Silver surges to 30 dollars on retail buying frenzy Silver surges to 30 dollars on retail buying frenzy Silver surges to 30 dollars on retail buying frenzy

Silver surges to 30 dollars on retail buying frenzy

Ole Hansen

Head of Commodity Strategy

Summary:  Frenzied silver buying has accelerated following a weekend of intense focus on social media. The price has raced above $30/oz to its highest level since 2013 with retail traders, following their successful attack against short sellers in US small cap stocks, now targeting banks who they believe hold large naked short position in the futures market. In this we take a closer look at the narrative behind the move and what may happen next.

I have rarely seen a weekend where the social media has been so busy focusing on silver. The white metal has now rallied by more than 16% since last Wednesday when the rWallStreetBets group on Reddit began focusing on silver as another potential candidate for a major short squeeze. The reason being  the expected existence of a massive bullion bank short in both gold and silver futures that for years and allegedly supported by central banks has helped keep the price down. This due to the narrative that rising gold and silver prices would reflect an increasing lack of confidence in the financial system and specifically in the dollar. This driving a belief held by many, that the big banks work with the Federal Reserve in maintaining confidence in the dollar and the system at large by suppressing the price of precious metals.

I believe this is a false narrative but whether or not it is true does not matter in the short term. The belief that it is possible to push the market has taken hold and so far today the COMEX silver future trades up more than 10% and in the process it has taken out the high from last August. Momentum, especially in silver can drive the market very far within a short period of time. Last year silver experienced three bear market moves of 39, 21 and 25 percent and three bull market moves of 156, 23 and 29 percent. With this in mind silver could easily extend its current gains, especially if the hedge funds start joining the bid, especially following the break $28/oz, the high from early January.

The long term chart is pointing to some resistance on spot silver at $30.5/oz, the 50% retracement of the 2011 to 2020 sell-off. Above that level, the next major level of resistance is not before $35/oz. Failure to forge higher, however could see a dramatic turnaround with the market then focusing on closing the gap to Friday's high at $27.65/oz.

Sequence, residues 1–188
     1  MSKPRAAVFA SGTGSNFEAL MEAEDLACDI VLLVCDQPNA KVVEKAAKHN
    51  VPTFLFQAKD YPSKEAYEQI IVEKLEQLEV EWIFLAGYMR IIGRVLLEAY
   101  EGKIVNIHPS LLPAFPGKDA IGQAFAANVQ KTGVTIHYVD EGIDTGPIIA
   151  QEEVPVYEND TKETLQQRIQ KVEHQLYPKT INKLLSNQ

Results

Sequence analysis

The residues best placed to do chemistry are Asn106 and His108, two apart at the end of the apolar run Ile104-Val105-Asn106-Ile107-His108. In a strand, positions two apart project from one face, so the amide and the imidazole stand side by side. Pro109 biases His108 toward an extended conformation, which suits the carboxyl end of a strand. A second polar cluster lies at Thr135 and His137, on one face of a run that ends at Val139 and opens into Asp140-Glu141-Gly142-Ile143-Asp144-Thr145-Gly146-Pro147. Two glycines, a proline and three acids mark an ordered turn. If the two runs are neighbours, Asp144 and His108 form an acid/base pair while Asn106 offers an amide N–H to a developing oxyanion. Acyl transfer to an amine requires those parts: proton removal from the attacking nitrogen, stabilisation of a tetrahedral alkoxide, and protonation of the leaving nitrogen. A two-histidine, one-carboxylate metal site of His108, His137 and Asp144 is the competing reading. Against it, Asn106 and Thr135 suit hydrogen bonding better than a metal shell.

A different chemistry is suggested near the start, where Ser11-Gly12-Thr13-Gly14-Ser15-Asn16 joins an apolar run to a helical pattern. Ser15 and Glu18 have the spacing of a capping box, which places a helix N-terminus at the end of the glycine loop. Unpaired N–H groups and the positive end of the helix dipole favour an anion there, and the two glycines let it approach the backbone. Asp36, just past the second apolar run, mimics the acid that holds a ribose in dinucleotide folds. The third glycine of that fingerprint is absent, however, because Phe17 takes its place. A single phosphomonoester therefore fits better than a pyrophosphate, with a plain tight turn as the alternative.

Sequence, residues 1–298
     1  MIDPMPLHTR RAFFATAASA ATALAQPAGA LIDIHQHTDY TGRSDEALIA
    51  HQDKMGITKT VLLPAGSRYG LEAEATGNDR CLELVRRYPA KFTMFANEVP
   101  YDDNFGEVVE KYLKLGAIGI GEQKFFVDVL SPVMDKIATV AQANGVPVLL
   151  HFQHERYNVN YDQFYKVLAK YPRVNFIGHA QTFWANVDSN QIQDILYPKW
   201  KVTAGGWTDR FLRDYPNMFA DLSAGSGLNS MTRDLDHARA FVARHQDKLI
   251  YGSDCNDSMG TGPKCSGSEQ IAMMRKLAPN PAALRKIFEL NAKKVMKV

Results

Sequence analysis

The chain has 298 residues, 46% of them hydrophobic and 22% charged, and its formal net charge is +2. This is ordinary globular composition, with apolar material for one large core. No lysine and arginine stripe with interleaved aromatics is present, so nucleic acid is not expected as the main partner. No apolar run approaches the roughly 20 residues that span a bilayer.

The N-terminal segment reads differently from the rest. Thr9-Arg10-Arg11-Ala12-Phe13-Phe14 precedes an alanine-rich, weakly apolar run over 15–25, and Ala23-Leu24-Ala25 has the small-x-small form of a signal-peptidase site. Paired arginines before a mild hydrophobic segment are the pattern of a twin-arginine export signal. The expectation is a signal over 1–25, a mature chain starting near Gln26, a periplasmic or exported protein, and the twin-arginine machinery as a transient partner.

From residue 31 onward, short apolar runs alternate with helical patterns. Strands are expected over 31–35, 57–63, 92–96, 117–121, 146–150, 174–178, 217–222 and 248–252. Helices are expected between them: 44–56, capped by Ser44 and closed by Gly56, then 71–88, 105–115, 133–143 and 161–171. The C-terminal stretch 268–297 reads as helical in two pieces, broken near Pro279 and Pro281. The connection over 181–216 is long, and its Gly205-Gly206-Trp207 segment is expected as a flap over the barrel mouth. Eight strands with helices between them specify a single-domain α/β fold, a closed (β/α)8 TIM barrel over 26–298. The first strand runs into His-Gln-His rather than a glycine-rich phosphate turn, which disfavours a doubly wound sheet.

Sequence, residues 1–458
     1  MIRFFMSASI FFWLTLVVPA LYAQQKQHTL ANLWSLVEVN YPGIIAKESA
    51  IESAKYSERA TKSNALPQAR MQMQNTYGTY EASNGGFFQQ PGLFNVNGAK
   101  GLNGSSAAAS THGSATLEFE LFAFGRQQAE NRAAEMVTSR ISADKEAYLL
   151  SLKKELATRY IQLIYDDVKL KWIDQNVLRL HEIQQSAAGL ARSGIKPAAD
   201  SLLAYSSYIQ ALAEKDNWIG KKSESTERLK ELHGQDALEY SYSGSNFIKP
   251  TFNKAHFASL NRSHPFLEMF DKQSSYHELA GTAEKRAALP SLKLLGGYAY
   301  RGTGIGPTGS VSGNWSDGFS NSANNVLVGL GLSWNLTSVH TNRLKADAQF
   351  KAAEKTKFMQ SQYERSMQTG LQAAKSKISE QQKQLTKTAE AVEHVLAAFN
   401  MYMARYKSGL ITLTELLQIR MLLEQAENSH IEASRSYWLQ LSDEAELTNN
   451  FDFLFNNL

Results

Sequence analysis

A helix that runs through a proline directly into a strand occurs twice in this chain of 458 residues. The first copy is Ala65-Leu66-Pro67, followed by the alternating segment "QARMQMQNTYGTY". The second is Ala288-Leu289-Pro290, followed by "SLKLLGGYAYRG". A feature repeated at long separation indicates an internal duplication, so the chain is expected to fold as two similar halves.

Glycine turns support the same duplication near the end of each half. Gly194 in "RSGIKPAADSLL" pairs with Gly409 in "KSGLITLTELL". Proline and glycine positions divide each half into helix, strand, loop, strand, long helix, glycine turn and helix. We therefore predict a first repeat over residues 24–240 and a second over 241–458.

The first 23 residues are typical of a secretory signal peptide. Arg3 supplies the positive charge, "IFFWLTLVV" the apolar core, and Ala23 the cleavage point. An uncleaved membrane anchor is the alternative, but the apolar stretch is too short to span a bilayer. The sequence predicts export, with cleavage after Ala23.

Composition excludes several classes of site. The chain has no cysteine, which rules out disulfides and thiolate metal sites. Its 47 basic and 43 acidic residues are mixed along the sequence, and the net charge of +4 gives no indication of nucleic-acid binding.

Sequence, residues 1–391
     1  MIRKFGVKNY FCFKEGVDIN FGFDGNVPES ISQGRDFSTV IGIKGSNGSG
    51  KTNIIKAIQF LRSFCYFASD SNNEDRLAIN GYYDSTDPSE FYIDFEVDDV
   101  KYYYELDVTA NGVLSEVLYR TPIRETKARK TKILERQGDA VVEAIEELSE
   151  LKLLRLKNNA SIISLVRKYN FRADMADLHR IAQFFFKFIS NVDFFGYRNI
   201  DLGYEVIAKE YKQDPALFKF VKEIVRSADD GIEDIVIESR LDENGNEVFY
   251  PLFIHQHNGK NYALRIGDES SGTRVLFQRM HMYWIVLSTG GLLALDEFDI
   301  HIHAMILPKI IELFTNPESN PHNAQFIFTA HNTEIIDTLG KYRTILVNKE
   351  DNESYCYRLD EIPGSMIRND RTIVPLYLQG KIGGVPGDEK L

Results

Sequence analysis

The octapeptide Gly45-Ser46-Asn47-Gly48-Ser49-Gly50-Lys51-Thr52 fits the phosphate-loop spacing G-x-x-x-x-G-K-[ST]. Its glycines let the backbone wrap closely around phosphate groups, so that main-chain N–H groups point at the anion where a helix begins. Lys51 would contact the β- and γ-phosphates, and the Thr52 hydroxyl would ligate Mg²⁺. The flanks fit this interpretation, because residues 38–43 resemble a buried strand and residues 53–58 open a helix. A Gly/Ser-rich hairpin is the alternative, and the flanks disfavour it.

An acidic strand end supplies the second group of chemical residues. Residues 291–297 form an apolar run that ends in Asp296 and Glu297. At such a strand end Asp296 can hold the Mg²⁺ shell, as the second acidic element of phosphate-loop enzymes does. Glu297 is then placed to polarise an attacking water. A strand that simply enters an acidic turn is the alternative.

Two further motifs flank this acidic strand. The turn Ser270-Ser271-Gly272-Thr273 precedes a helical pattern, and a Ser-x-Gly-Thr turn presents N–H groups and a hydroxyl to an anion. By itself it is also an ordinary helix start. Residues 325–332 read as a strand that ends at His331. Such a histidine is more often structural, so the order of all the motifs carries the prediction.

Source: Saxo Group

In the week to January 26, the day before the short squeeze in the now famous GME and AMC tickers helped send the broader market lower and the VIX index sharply higher, the open interest in silver futures, the real target for this onslaught, was split as per the chart below. The bullion banks belong to the swap category and as of last Tuesday they held a net-short of 22k lots, a very manageable 20% of the daily turnover in Comex silver futures. Swap dealers offer hedges to all sorts of market participants, including producers and they often find themselves being long the cash market which is then being offset in the more liquid futures market.

The irony of trying to hurt the swap short is that a rally will put millions of dollars into the pockets of hedge funds and other large money managers who ahead of last weeks surge held 44.3k lots long, a long that since Wednesday have netted them a profit close to 900 million dollars. The biggest net short of 57.2k lots was held by producers and they are unlikely to buy back their short as they are hedging future production and will deliver physical silver against their short obligation. 

The surge in silver has left gold stranded and still trading within its established range. This development has resulted in the gold-silver ratio (Ticker: XAUXAG) collapsing to a 6 1/2-year low below 63 and well below the long-term average closer to 70. 

Apart from an unprecedented pick up in retail demand for silver coins and small bars, the biggest pickup in demand has come through exchange-traded funds. The number of shares in the largest ETF, the iShares Silver Trust (Ticker: SLV:arcx) saw its biggest one-day increase on Friday. The ETF is backed by physical silver held in vaults, meaning it needs to buy the precious metal when the number of shares grow. 

Silver has seen its fair share of market surges and short squeezes with the most famous being the Hunt Brothers attempt in 1979-80 to corner the market by accumulating billions of dollars worth of silver. The price saw a four-fold increase before collapsing straight back to the starting point after the brothers were sanctioned for market manipulation. 

Another major rally unfolded between 2008 and 2011 which resulted in the price almost reaching $50/oz before another spectacular collapse unfolded. The rally back then was driven by the aftermath of the global financial crisis which saw metals rally on a combination of  quantitative easing, surging demand from China and the weaker dollar. Silver in addition went through a period of tightening supply which all supported the rally before its spectacular collapse from where it has now managed to recover half. 

Source: Saxo Group